A guest post by Wes Burns
Experienced freelancers probably already understand the importance of backing up their work, but newbies in the game should take note. It is absolutely vital that you back up all your work. And when I say all your work, I mean ALL of it. Don’t just back up your latest documents or half-finished articles. You need to keep copies of everything forever.
First of all, it’s just the professional thing to do. For example, I did a bunch of work for a client back in 2007 and thought nothing of it. Two years later, that client e-mailed me asking if I had copies of those old documents. That client had lost everything and was hoping against hope that I backed everything up.
And you know what – I did. I had everything stored in my Dropbox folder and was able to recover those files for that client in minutes. That client was pleasantly surprised and loved me to death for keeping such thorough backups. This situation gave me a good chance to showcase my professionalism.
Another good reason to back up your work is for protection. If there is ever a dispute down the line regarding payment, content theft or anything along those lines, you have copies that you can recover for proof. The more backups you have, the easier it is to make your case.
Additionally, long term backups give you a chance to showcase your talent down the road. You might not think about these things right now, but careers do change. If you ever get into some other writing gig or would just like to show off your skills, you can bring up old content that you wrote years ago. This is especially important for ghost writers who don’t get credited for their work.
How to Back Up Your Work
I’m a big fan of online file storage as a backup method. It’s a simple method to back up your files because it works automatically in the background. It’s also secure because it creates physical distance between your original files and the backup copies.
There are two services in particular that stand out for their simplicity and cost:
Dropbox: Dropbox is a cool program that syncs your files between multiple computers while also keeping a copy of your files stored on the cloud. You can link multiple computers to your Dropbox account and every file that you save in your special Dropbox folder will be synced across every computer that you own.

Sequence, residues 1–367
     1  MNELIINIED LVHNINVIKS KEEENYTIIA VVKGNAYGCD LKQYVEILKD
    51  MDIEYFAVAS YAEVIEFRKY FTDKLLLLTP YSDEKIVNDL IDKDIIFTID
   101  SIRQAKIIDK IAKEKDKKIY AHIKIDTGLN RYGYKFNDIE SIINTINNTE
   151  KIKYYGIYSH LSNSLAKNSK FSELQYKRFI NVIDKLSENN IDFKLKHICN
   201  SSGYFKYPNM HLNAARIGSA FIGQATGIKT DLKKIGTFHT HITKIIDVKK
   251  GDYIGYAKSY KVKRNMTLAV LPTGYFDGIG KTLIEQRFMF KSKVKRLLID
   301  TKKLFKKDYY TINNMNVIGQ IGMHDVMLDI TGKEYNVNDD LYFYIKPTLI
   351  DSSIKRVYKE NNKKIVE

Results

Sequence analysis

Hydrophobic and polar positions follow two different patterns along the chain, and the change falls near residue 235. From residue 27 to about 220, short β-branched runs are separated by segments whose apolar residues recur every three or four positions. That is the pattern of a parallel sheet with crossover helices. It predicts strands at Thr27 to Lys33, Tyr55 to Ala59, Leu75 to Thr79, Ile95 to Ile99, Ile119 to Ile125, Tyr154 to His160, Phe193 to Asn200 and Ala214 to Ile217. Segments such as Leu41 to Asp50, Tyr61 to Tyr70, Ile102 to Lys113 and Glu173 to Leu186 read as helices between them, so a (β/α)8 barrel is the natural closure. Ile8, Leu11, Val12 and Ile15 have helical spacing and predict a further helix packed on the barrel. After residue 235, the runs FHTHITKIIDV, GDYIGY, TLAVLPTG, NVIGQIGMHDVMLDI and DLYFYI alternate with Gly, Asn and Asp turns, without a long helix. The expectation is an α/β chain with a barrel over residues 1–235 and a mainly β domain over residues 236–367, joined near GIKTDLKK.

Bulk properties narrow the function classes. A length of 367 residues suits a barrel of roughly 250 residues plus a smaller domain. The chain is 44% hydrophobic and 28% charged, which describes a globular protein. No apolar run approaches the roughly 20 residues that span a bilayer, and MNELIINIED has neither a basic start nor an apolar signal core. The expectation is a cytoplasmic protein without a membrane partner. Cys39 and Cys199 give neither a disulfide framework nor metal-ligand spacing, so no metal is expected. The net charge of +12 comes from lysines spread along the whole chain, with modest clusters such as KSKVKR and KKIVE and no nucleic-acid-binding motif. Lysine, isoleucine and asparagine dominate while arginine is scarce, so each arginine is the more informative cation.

Free Dropbox accounts give you 2 GB of storage space and paid accounts start out at $9.99 per month for 50 GB. You don’t get much storage space for the money, but the file syncing does come in handy. If you need more space, you might want to consider Carbonite instead.
Carbonite: Carbonite is a simpler and much cheaper backup solution. Carbonite does not provide file syncing, but it does give you unlimited storage space for a flat $59 per year. Just install the Carbonite software on your computer and it will automatically back up everything on your hard drive on a regular schedule.
The nice thing about Carbonite is that it backs up everything on your computer. You don’t have to store your files in special folders like you do with Dropbox. This solution is cheap and effective. It’s not as feature-rich as Dropbox, but it’s simple, cheap and effective.
I would also recommend you make occasional local backups of your documents. Get an external hard drive or USB flash drive and copy your files over once every few weeks. That way, you have an additional copy of your backups that you control at home. This combination of online and offline backup provides maximum protection for all your work.
How do you back up? I love Carbonite and you’ll find a banner square for it on the right below the fold.